6 Things To Put On Your Personal Website

6 Things To Put On Your Personal Website 1

Now that you’ve been sold on the benefits of an individual website and ideally started building your own, you might be thinking: So, just what should I fill up it with? Especially if you’re in early stages in your don’t or career work in an especially visual field, it could be easy to feel like you don’t have enough content to make a personal website worth your time. But you’d be wrong for just two reasons.

Secondly, and more importantly, you have more to fill up a website with than you understand probably. To assist you, we’ve think of a set of things that you ought to be including in your personal website (and, yes, a few things you should avoid at all costs). Right off the bat, when people land on your site, you want them to comprehend who you are, what you do, and what you’re looking for. So, somewhere that’s easily accessible (ideally your home page or “about” page), a summary-no should be included by you more than two to three paragraphs long-laying out the most important things about you.

This could include major companies you’ve worked for, tasks you’ve worked on that you’re most pleased with, your “superpower” as a specialist, and a little personality even. Imagine people coming to your website and only scanning this one section. What could you away want them to take? If you’re uncertain where to get started, check out Alexandra Franzen’s advice about how to tell people what you do and be remembered-then translate that into the written bio. Having said that, while you definitely want to inform an interesting tale on your site, you’re not here writing your autobiography!

Just like employing managers don’t spend enough time on your job application, there’s a good chance that almost all of the people visiting your personal website aren’t heading to spend hours clicking on around. So keep it brief and snappy-people will get a lot more from two well-written paragraphs than they will from skimming over two webpages, I promise. These days, creative experts treat their personal websites as their portfolios often, where they collect their work in a way that makes it easy for hiring managers to see their chops. If you’re a designer, artist, photographer, or so on, you should be doing the same.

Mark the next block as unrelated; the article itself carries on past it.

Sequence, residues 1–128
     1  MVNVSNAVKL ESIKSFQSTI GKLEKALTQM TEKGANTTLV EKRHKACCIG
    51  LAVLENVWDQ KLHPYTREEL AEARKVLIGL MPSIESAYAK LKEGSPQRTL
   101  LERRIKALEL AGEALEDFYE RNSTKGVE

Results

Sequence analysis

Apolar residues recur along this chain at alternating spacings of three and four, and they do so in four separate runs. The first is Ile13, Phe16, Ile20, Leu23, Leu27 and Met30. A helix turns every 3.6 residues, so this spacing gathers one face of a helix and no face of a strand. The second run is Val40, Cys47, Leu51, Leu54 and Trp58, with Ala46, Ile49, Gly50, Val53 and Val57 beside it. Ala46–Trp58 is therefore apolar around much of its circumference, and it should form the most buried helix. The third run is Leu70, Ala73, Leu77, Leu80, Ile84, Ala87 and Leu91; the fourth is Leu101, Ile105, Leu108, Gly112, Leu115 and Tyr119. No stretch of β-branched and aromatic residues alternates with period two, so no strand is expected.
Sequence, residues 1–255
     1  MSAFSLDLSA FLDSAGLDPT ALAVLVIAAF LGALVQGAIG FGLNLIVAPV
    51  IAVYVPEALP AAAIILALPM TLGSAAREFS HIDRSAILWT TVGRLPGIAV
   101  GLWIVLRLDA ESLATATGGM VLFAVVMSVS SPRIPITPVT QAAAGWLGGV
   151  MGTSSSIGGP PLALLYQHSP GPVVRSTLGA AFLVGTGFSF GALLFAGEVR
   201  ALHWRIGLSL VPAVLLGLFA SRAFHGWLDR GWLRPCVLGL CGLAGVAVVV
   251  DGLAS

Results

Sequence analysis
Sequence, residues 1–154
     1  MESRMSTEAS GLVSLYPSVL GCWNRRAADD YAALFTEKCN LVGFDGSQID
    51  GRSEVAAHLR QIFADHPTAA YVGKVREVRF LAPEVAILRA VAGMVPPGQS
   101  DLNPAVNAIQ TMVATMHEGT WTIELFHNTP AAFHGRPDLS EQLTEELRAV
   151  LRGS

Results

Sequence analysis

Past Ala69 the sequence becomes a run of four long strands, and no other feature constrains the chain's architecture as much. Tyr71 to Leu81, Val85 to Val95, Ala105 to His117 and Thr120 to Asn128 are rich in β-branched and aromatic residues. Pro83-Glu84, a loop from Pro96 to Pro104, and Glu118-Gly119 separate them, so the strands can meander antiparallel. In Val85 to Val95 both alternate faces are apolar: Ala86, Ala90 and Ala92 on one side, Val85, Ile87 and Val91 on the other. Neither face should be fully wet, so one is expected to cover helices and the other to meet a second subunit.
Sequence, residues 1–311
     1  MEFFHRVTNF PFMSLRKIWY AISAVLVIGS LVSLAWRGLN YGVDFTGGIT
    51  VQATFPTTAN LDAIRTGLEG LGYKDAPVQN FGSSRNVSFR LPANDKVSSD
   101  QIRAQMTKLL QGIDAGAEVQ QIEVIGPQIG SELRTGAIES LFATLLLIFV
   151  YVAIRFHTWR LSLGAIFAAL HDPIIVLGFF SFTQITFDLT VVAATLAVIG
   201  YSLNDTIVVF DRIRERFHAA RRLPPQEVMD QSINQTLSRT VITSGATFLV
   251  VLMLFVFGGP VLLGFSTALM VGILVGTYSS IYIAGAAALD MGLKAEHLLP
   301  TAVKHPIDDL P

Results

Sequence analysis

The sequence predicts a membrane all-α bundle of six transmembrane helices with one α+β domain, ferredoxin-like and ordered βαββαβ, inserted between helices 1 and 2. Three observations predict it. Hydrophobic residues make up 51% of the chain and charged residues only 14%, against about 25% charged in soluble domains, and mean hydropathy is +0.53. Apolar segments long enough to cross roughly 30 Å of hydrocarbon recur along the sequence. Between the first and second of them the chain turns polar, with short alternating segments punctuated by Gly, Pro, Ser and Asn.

• Fonts, like the logo font if you want it
  • Projection Display
  • Anywhere on your Desktop – right click on your mouse and choose New
  • Maintain small website size
  • Integration with Paypal, Google checkout etc and other 60+ payment options
  • Name of the deceased
  • Wolf, truly, come

But even if you’re not in an especially visual field, you can (and should! “Gallery” of the task you’re most pleased with. If you’re a writer, this could be clips to articles you’ve published around the net, photos of print out articles, or links to books you co-authored or ghost published. If you’re in marketing, you could include types of promotions you ran or descriptions of occasions you helped put on.

Even if you’re in sales or business development, try to discuss some of the firms you’ve sold to or from or give some idea about your sales figures (without offering anything proprietary, of course). Get creative and don’t think you can’t “show off” your projects because you don’t have anything tangible to show.

You should think of your individual website as a curated gallery of your best work-not a repository of everything you’ve ever done. Think about it this way: If a hiring manager comes to your site and has to weed through an extended web page of work, he’ll likely feel overwhelmed, click on the first thing on the page, and then disregard the rest. But if you’ve carefully picked out your top examples, you control exactly what he sees.